Okay - get this:

Whenever you get a baby from the hospital for a foster care placement, the worker brings you these huge goodie-bags of supplies for the baby. Included are usually a ton of pre-mixed 2oz. bottles of formula and individually wrapped nipples to put on them and then toss. There are blankets - some of ours have had tags attached saying "Handmade By Inmate #2846" - those are very cool - especially when the inmate is male. There are clothes and booties, and packs of diapers. Every time we have gotten a baby from the hospital (which is 3 times now), we have gotten these huge bags of surprises. Well, also in the bags are usually bottles to use later on. These bottles are all different types and qualities. And we've used them all.

Well, when Sugar Cookie came to live with us, she had trouble latching on and swallowing. I had heard about Avent bottles, so I went to Target in the middle of the night and bought a 3-pack. Holy cow - I almost passed out when I saw the price - $13 for a pack of 3 bottles, and the replacement nipples were $4 for 2. Thinking my Cookie was worth it, I bought a 3 pack. Recently, I bought replacement nipples for a faster flow. We use these bottles along with the other assorted el-cheapos that we have collected since last September. Well, recently at day care, they told us she is refusing her bottles. What the??? I just did not understand this. She comes home and drinks like - well, a drunk at last call.

Then I discovered it. I had few clean bottles and she was hungry. I prepared formula in one of the el-cheapo bottles, sat down on the sofa with her in our usual spot, and inserted said bottle. Oooh, she got mad. She shook her head from side to side and scrunched up her face. I tried to stick it back in her mouth - and she pushed it out with her tongue! I tried to reason with her - I said "Look Cookie, mommy's tired and this is all I've got. Please drink it." You're begining to see who the winner was, right?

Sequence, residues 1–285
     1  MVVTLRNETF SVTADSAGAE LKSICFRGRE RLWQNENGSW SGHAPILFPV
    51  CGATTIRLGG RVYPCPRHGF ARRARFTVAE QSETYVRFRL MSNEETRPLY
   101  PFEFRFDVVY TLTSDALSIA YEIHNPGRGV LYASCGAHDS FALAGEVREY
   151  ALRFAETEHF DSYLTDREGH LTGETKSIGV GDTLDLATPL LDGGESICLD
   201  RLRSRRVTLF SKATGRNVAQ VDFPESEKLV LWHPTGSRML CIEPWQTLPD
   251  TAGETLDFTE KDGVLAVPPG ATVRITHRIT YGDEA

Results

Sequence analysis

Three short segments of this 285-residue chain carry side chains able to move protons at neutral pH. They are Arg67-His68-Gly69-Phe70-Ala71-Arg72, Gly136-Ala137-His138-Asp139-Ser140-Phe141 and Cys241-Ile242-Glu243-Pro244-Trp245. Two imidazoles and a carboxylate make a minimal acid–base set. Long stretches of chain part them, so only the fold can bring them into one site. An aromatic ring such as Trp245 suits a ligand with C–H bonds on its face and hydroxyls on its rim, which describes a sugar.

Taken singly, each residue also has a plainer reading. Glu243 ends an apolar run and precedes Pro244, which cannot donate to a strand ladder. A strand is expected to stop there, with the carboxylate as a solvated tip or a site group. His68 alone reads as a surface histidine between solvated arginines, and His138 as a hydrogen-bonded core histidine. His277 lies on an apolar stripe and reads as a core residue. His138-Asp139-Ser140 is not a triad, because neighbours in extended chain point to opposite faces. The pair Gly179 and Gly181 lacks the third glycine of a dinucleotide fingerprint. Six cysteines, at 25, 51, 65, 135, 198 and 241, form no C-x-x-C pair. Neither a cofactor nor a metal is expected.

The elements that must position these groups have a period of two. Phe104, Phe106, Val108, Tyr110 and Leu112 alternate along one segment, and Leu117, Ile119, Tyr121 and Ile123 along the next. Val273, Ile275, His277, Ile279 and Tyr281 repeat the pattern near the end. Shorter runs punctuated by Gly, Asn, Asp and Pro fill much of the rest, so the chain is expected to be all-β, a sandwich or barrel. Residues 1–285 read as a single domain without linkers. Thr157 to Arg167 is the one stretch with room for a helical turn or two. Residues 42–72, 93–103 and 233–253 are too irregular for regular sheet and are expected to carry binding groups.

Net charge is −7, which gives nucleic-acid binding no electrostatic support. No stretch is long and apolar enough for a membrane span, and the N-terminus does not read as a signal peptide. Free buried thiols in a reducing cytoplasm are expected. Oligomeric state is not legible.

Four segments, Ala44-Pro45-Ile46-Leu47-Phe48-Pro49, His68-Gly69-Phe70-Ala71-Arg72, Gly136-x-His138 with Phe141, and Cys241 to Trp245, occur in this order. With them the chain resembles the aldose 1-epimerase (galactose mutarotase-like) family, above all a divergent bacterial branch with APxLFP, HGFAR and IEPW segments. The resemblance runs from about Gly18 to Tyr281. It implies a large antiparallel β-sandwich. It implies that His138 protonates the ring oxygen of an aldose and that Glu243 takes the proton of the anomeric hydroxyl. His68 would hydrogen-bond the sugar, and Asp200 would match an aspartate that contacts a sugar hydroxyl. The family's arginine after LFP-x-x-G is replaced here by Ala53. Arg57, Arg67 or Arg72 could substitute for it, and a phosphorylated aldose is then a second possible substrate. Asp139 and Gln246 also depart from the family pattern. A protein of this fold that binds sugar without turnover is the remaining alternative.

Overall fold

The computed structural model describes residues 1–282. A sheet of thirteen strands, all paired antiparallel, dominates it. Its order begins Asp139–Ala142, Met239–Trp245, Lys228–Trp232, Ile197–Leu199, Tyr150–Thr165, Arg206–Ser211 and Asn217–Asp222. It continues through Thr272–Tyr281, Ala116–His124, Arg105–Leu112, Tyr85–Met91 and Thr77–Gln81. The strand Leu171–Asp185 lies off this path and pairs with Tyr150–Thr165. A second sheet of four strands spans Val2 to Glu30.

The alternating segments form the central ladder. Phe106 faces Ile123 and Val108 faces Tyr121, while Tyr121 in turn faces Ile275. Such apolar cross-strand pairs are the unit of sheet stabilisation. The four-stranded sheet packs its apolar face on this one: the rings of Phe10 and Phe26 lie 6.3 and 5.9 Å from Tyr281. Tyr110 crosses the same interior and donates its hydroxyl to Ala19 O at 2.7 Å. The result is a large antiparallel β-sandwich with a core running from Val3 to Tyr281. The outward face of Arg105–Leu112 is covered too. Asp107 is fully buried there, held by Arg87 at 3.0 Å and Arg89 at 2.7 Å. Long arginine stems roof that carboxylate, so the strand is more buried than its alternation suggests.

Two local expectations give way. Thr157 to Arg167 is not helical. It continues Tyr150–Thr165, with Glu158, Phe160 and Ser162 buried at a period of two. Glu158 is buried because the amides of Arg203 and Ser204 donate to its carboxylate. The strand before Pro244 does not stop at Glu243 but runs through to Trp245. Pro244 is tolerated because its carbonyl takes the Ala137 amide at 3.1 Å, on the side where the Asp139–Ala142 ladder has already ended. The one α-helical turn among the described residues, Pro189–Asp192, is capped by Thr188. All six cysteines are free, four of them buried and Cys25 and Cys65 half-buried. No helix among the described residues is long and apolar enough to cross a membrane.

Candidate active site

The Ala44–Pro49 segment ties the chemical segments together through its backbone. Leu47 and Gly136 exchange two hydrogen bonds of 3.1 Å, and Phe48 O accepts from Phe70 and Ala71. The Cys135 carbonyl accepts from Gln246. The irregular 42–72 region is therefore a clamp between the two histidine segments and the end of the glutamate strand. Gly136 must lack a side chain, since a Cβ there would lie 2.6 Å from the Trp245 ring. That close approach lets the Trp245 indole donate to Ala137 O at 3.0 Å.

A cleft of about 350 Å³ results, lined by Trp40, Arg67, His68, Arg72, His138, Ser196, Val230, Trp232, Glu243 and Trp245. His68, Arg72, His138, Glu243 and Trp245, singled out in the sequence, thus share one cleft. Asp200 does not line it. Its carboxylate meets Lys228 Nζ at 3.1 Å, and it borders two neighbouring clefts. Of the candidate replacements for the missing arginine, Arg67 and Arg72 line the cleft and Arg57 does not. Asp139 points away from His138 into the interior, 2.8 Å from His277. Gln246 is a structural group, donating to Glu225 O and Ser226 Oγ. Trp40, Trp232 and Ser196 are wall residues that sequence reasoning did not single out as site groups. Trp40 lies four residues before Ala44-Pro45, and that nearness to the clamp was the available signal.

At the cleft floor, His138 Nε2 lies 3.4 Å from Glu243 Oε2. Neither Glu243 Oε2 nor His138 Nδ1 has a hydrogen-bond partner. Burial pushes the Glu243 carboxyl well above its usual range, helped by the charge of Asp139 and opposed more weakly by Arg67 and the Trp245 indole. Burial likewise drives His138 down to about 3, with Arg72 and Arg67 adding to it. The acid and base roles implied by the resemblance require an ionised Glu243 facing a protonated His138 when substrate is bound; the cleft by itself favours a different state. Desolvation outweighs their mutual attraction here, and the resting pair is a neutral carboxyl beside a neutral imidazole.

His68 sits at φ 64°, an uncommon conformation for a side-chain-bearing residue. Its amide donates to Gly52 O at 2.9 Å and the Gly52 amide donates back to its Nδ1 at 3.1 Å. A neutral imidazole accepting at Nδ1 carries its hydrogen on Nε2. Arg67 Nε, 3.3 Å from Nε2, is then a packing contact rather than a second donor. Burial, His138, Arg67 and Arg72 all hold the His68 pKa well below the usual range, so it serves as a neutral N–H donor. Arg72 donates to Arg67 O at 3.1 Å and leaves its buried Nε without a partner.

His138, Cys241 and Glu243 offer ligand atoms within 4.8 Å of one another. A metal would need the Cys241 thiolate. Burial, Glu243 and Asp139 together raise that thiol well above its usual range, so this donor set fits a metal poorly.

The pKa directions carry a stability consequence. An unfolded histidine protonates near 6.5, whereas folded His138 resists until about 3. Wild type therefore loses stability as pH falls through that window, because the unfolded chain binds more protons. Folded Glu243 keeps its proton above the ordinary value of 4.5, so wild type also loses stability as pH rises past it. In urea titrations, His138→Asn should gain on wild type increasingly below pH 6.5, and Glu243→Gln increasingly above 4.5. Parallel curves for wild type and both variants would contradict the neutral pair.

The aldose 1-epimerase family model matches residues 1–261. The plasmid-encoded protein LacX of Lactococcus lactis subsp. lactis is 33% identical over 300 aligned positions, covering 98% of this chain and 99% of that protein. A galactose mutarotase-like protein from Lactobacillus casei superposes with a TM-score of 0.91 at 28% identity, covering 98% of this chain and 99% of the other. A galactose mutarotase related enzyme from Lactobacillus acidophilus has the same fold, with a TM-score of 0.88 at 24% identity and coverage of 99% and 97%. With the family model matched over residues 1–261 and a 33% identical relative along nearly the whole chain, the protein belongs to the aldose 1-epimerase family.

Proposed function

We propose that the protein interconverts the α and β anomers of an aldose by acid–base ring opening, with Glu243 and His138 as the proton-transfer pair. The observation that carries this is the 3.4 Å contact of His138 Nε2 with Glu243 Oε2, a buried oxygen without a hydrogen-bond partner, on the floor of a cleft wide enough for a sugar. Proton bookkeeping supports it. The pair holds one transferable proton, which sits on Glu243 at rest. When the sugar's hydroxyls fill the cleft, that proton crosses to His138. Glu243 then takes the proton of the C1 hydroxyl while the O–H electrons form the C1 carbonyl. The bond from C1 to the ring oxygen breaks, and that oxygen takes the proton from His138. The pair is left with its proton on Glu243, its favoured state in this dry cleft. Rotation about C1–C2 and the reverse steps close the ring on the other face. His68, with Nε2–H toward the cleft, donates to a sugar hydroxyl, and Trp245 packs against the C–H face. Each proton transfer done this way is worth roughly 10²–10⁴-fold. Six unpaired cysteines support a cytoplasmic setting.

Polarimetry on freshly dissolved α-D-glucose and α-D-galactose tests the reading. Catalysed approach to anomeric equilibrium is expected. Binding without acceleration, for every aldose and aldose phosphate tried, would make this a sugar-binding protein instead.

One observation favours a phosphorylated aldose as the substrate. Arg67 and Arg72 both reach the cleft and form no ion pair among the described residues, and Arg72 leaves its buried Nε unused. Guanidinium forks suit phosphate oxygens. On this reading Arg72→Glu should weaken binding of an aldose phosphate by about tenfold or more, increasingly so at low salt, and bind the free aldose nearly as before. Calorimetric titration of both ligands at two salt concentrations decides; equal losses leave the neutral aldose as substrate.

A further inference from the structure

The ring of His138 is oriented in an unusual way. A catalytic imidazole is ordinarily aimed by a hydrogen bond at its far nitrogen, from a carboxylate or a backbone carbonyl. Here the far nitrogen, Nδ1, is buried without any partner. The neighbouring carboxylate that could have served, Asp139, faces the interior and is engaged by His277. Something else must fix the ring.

I placed Cookie in her swing, and she proceeded to cry and cry and cry. Menawhile, I quickly extracted an Avent bottle and nipple from the sink and washed it by hand, thinking to myself it was probably not particularly sterile, but hearing a crying baby and wanting the crying to stop won out. I dumped the formula out of el-cheapo into the cadillac of all bottles and went back to get my crying Cookie. Again, we sat on the sofa, and once I placed the nipple in her mouth, she closed her eyes and feasted.

I said to her, "Great, I've created a diva." She has the simplest of tastes - she only wants the best.

So, friends, Avent bottles rock. The nipples look really, really funky. I was thinking I am very glad that my nipples are not that long. Holy cow - I mean LONG. And I think she does spit up less with them, but she still farts - a lot. She is a farting-machine diva. She should have a tiny tiarra.

She is becoming more like me every day - except the farting part - which we all know I NEVER do.

Monday, February 20, 2006

A Sick Little Sugar Cookie

I knew it would happen - that we would have her in day care for a week, and then she would get sick. Yup - right on time.